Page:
The team tried to find other examples of possible profitable solutions, unsure if they would find many or few other examples. They found that the 46 possible solutions covered six of the world’s seven continents – all but Antarctica – and included many of the world’s major known pathogens and methods of disease transmission. The solutions also address many of the world’s most pressing environmental problems, including land-use change due to agriculture, urbanization, resource exploitation and invasive species.
Twenty-seven of the solutions focus on conservation efforts that also had benefits for human health; many involve managing species, such as the snail parasites that contaminated the village’s water sources.
Six of the solutions involved public health interventions that also had conservation benefits.
“People often ask what my favorite solution is,” Hopkins said, “and it’s hard to choose! But I’m forever impressed by programs that aim to improve access to health care, education, and life opportunities for people living near protected forests, marine reserves or other biodiversity hotspots. When those communities have more power over their own well-being, they can use resources more sustainably, which slows the rate of deforestation and marine degradation.”
Thirteen of the solutions are not specific to human health or conservation, but they affect both sectors. Replacing wood stoves with cleaner stoves is proposed to reduce deforestation and smoke-related diseases, researchers say.
“Policymakers are looking for opportunities to simultaneously advance multiple sustainable development goals, such as ‘ensuring healthy lives and promoting well-being for all’ and ‘conserving life on land and under water.’ This is important work, but it can seem abstract or intangible. We hope this study brings these efforts to life with real-world examples,” Hopkins said.
Note to editors: A summary of the paper follows.
“Diversity and evidence gaps among potential win-win solutions for the containment and control of human infectious diseases”
authors: Skylar R. Hopkins, Kevin D. Lafferty, Chelsea L. Wood, Sarah H. Olson, Julia C. Buck, Giulio A. de Leo, Kathryn J. Fiorella, Johanna L. Fornberg, Andres Garchitorena, Isabel J. Jones, Armand M. Kuris, Laura H. Kwong, Christopher LeBoa, Ariel E. Leon, Andrea J. Lund, Andrew J. MacDonald, Daniel CG Metz, Nicole Nova, Alison J. Peel, Justin V. Remais, Tara E. Stewart Merrill , Maya Wilson, Matthew H. Bonds, Andrew P. Dobson, David Lopez Carr, Meghan E. Howard, Lisa Mandle, Susanne H. Sokolow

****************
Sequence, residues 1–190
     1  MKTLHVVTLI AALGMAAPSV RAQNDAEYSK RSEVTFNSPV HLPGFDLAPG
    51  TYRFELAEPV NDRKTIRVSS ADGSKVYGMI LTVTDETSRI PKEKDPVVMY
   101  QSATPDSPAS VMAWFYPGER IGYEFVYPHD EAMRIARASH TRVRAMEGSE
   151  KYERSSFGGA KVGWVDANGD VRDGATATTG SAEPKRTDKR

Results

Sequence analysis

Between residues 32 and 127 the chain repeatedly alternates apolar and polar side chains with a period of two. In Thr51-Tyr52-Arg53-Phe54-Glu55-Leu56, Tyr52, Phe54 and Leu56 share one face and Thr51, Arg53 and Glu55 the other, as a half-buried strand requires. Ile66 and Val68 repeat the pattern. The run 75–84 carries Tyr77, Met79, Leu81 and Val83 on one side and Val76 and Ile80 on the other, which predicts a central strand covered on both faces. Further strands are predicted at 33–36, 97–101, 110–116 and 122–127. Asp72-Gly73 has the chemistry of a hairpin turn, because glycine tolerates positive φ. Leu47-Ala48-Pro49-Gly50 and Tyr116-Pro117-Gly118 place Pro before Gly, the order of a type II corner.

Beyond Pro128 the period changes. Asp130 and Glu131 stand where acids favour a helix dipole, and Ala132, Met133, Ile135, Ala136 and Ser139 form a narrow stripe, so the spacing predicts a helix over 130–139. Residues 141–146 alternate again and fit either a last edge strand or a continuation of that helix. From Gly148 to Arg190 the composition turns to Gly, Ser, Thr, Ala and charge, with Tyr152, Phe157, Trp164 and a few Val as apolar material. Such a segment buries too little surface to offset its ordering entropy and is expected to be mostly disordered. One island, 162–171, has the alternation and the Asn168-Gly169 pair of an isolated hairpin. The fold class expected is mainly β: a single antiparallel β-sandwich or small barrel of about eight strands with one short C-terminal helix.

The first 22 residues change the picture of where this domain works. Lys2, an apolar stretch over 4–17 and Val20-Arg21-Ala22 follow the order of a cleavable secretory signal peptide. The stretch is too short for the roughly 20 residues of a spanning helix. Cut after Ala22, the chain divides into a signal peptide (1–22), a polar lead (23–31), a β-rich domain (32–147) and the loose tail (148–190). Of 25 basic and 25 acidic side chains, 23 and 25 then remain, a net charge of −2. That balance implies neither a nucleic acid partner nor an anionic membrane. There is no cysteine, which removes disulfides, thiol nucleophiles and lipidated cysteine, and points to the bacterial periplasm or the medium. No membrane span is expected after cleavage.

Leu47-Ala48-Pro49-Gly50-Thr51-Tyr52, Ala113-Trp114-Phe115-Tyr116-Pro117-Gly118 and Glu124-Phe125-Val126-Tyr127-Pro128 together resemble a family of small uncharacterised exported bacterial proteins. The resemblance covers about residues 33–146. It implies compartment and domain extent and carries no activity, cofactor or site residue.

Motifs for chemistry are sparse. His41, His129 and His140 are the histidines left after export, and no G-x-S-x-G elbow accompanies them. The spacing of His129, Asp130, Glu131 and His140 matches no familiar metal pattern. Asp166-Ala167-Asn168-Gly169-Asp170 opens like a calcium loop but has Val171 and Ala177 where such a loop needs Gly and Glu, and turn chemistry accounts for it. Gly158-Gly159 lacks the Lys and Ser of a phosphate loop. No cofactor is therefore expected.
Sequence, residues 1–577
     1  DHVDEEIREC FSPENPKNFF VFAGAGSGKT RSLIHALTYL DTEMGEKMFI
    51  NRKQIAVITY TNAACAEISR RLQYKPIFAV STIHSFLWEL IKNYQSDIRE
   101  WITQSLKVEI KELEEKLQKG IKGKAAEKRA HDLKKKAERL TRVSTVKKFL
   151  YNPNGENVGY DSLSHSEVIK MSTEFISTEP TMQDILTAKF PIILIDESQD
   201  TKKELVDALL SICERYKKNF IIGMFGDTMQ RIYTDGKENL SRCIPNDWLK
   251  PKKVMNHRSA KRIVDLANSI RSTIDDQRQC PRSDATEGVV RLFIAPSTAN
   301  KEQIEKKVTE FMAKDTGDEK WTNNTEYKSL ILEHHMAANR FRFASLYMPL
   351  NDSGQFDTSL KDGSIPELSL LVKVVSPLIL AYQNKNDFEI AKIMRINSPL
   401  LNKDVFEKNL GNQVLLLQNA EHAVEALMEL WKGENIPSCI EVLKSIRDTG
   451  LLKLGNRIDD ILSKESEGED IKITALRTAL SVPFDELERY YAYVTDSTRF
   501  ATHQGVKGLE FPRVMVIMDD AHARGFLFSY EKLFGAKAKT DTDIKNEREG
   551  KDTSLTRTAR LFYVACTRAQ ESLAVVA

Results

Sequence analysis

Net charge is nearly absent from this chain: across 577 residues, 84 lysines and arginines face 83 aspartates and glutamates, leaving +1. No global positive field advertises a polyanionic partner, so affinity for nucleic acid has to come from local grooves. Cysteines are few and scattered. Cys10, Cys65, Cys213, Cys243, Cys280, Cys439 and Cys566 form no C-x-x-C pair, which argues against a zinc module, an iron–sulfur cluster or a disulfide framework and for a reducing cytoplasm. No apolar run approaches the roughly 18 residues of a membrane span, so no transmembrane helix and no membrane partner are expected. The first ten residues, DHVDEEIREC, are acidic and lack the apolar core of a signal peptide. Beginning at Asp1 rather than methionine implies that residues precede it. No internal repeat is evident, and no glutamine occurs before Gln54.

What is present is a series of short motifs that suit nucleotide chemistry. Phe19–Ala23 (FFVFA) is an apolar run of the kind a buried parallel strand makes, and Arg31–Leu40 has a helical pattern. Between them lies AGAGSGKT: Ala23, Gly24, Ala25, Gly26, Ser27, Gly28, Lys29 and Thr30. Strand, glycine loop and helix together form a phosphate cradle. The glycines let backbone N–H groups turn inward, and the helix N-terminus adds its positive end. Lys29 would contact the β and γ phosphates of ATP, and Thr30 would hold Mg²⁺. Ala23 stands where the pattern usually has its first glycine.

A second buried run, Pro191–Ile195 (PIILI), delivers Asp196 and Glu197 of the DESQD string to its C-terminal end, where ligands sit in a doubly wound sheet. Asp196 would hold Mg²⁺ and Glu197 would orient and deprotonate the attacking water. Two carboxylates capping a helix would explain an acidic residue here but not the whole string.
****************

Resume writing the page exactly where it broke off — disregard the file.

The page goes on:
Published: August 3, 2022 at Lancet Planetary Health
abstract: As sustainable development practitioners have worked to “ensure healthy lives and promote well-being for all” and “preserve life on land and under water,” what progress has been made with winning interventions that reduce the burden of human infectious diseases advancing goalkeeping? Using a systematic literature review, we identified 46 such proposed solutions, which we then investigated individually using targeted literature reviews. The proposed solutions addressed different conservation threats and human infectious diseases, and thus the proposed interventions varied in scale, cost and impact. Some potential solutions had moderate to high quality evidence of previous success in achieving their proposed impacts in one or both sectors. However, there were obvious evidence gaps within and between solutions, highlighting opportunities for further research and adaptive implementation. Stakeholders looking for profitable interventions can explore this review and a searchable database to find and adapt a relevant solution or to devise entirely new solutions.